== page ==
Luther Allows In-Person Audiences at Ensemble Concerts 

On March 19, the music department’s COVID-19 response team announced they would begin to allow in-person audiences to attend ensemble concerts starting March 21. While COVID-19 guidelines are still in place to prevent any potential spread of the virus, the college sees in-person audiences as an important step toward post-pandemic normalcy.

Since the beginning of the COVID-19 pandemic, Luther College has focused on the prioritization of the safety of students and addressing their needs. The college has been monitoring COVID-19 cases on campus, conducting contact tracing, as well as tracking local and national COVID-19 indicators to ensure a safe community. As more students are receiving the COVID-19 vaccine in conjunction with other continued safety precautions, the college administration has responded by slowly lifting restrictions, including restrictions on in-person audiences for ensemble performances.

Professor of Library and Adjunct Faculty in Music Andrea Beckendorf is a member of the music department’s COVID-19 task force, which aims to give music students the best experience possible, both in terms of normalcy and safety. Beckendorf believes the change in safety guidelines for performances is a step towards progress in returning to pre-COVID guidelines.

“Being able to add live audiences back into the spring ensemble concerts is a way to capture the joy of playing for other people, and doing that safely was a priority,” Beckendorf said. “We outlined some parameters for the CRT to consider that were rooted in our departmental protocols adopted last summer, the best in current COVID-19/Music research. We have learned [a lot] from a variety of experiences in the past year.”

The music department proposed the reinstating of live audiences to the Covid Response Team (CRT). While the proposal is pushing for in-person participation, it still acknowledges the parameters and protocols stipulated by the CRT last summer. However, with the low levels of on-campus COVID-19 cases and limited spread of the virus, the music department’s COVID-19 task force saw an opportunity to update their protocols.

Although this decision lifts some of the COVID-19 protocol, other guidelines remain in place to ensure everyone’s safety. Live audiences in the Center for Faith and Life are capped at 170 people, all tickets must be secured in advance, and seating is limited to the center sections of the orchestra level and the mezzanine level of the CFL. Musicians are spread out to align with the COVID-19 protocols set for ensembles and limited to shorter programs to limit the spread of the virus in vocal and wind ensembles.

Assistant Professor of Music Mark Potvin, also a member of the music department’s COVID task force, is looking forward to more normalcy in the music department.

“There are so many [challenges we have to face],” Potvin said. “We have shortened rehearsals and account for room air exchanges between events. Our players and singers are spaced out at three or four times the distance they’d usually be from one another. This makes it hard to perform with a sense of ensemble because, acoustically, we often hear ourselves more prominently and struggle to hear others when spaced out.”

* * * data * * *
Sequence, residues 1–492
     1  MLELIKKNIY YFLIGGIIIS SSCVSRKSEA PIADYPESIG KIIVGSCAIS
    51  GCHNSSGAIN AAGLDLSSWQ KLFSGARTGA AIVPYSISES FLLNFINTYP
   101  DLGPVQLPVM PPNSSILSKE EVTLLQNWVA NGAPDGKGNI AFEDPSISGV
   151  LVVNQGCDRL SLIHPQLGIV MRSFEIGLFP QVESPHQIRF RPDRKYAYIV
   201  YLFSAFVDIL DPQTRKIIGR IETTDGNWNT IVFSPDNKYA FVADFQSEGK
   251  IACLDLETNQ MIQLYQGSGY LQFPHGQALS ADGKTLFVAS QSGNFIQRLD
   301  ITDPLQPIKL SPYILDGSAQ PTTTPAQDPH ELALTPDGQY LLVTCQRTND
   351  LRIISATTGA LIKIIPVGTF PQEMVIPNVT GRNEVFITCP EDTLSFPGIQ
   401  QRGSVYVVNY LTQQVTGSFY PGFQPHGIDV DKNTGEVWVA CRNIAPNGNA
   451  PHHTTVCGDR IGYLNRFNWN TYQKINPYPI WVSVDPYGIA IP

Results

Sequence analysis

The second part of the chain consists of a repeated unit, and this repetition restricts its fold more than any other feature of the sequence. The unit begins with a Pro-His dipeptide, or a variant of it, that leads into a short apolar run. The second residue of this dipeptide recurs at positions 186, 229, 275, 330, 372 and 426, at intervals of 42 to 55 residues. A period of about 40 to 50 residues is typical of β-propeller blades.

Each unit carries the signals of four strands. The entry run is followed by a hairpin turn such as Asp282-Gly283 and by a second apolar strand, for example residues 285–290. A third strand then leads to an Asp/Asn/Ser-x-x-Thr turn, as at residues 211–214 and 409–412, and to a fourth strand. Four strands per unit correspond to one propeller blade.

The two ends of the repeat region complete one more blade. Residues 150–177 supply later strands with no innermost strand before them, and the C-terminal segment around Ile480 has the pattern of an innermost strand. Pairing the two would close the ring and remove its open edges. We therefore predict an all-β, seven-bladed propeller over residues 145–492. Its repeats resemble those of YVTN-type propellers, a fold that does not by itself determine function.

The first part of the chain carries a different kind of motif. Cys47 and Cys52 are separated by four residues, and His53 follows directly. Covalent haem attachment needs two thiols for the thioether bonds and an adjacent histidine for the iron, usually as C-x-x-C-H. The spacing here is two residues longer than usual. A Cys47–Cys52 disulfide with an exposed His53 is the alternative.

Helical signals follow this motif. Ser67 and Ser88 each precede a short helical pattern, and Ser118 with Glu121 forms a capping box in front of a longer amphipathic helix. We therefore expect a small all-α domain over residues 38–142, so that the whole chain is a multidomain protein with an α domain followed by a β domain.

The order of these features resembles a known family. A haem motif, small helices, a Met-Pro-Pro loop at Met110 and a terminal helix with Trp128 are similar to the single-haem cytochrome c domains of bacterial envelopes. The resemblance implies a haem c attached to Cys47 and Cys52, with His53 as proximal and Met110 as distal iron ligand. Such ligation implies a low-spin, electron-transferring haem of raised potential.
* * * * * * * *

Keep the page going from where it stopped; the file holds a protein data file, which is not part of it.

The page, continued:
In-person audiences change the performance experience, according to student musicians. Concert Band was the first ensemble to host a live audience. Sam Maston (’24), a clarinetist in Concert Band, notes that the in-person concert experience is vastly different from the virtual format.

“With just the live-stream, it almost feels like a dress rehearsal,” Maston said.

To limit playing time as a part of COVID-19 protocol, part of the concert was pre-recorded. Although all the musicians were seated and performance-ready, they joined the audience in watching the recording of their first piece before playing the second half of their program live for their audience. Concert Band member Jack Kates (’24) appreciated the in-person audience.

“Playing for an in-person audience feels like music is more of a conversation,” Kates said. “It was really fun because when an audience was there, it felt like the world started to get back to normal.”

For many students, COVID-19 restrictions on rehearsals and performances have been frustrating. However, with the student body keeping their numbers down, Luther has begun to give more leeway when it comes to in-person activities.

“We are grateful for the work that everyone has done in order to make it possible for our plans to be successful,” Beckendorf said. “Even though we have all given up things this year in order to have a shared music experience, we have learned new things that we can carry forward in order to shape what the new normal will look like. We have been especially impressed with how students have demonstrated their commitment to making music together, and we are glad that recognition of doing that safely now allows ensembles to share their programs with live audiences.”

With the addition of a limited in-person audience, the music department hopes to continue progressing toward normal performances and rehearsals.

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